About the use of television for religious programs, televised Mass was the most popular feature. Fourteen percent of respondents said they had watched Mass on TV within the previous six months. Nine percent said they have watched the Eternal Word Television Network, or EWTN, which is a national Catholic cable channel.

Gray said that at the time of the study, 59 percent of U.S. dioceses had their own radio programming, but only 7 percent of those had their own stations; 56 percent of dioceses had their own television programming, but only 8 percent of those had their own stations.

The CARA questions asked how many people caught programs in the previous six months on diocesan radio or TV stations, not diocesan programming carried on other stations, so the low tune-in figures nationally of 1 percent for radio and 2 percent for TV appeared to reflect the relative scarcity of those diocesan-owned media, Gray said.

Internet use for religious or spiritual purposes was not high in any single category, but among the 11 percent who said they went on the Web for such resources, it appeared many used it several ways.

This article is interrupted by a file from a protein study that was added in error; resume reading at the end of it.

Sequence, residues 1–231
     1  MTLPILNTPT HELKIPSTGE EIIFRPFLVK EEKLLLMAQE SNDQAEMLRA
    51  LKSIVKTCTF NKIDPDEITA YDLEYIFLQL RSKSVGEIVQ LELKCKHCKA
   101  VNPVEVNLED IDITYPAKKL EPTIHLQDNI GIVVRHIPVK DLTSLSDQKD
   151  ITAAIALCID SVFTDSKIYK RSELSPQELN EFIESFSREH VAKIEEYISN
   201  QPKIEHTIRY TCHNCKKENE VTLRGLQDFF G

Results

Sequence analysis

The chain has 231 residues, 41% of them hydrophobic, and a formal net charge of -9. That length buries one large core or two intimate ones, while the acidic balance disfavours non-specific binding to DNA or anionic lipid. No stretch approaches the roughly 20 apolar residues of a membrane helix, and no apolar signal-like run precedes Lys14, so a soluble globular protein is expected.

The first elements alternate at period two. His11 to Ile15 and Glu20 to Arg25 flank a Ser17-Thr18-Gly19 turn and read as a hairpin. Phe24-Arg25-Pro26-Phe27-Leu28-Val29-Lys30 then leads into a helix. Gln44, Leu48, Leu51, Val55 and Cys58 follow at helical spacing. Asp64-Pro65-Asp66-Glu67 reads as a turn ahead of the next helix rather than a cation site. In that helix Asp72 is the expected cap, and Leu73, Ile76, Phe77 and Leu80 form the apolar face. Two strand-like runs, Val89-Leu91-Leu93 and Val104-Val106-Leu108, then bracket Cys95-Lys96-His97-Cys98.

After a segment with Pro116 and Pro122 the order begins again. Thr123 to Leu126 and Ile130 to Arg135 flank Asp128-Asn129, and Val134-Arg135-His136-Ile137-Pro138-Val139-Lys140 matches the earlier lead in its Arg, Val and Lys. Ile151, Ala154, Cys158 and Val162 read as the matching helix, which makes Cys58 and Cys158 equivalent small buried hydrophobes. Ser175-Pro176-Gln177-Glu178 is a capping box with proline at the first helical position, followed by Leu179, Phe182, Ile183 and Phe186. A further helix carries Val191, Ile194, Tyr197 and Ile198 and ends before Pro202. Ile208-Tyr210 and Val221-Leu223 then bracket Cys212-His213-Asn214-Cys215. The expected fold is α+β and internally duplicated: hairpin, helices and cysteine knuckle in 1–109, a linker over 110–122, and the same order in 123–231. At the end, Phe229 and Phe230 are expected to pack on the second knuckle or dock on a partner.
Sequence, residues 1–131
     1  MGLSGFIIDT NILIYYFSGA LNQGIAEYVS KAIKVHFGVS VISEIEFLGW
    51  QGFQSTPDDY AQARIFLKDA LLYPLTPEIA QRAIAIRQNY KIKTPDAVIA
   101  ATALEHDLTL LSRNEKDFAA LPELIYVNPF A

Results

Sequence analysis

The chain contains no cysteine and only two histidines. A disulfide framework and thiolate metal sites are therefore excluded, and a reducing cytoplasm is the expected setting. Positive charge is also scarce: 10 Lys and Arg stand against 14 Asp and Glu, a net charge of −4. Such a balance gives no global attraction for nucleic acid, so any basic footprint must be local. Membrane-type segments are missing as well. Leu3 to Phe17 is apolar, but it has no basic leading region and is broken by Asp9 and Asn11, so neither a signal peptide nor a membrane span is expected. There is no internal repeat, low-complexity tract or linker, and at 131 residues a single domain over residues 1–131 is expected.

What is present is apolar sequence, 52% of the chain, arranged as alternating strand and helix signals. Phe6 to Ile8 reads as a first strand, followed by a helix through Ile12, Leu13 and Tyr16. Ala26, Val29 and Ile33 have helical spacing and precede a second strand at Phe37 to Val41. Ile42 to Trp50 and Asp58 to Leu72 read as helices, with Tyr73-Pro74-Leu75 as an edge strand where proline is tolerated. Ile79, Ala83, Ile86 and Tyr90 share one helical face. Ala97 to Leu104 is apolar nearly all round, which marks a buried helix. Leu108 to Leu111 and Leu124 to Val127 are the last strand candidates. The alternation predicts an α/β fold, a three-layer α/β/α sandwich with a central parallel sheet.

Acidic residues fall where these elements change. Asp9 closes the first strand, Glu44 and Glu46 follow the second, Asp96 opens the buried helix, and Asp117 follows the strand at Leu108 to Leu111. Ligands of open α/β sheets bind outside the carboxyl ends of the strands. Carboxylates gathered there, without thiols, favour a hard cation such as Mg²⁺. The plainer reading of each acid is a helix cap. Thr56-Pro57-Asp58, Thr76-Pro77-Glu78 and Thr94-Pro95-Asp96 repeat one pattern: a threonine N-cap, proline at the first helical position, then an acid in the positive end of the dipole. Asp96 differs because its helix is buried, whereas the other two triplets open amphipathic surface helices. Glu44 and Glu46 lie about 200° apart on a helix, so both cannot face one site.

Five percent of all respondents said they used the Internet to go to a parish Web site within the previous six months and 5 percent said they used it for inspirational or religious materials such as prayers, Bible readings or spiritual reflections during that time.

Among other uses, 3 percent each said they used it to go to a diocesan Web site, a Catholic school site or the USCCB site; 2 percent each reported visiting the Vatican site, a Catholic charity or social service agency site, Catholic Online, the site of a religious newspaper or magazine, some other kind of religious news site, or a message board or chat room dedicated to religion or spirituality.

Only 11 percent of respondents said they had heard of the Catholic Communications Campaign, an annual national collection that has been going on for more than 25 years to support Catholic media and Catholic media projects.

When asked to compare communications with other church needs and reflect how willing they would be to give "generously" to the campaign, 4 percent said they would be very willing, 12 percent said somewhat willing, 28 percent said a little willing, 29 percent said not willing at all, and 27 percent said they didn't know.

END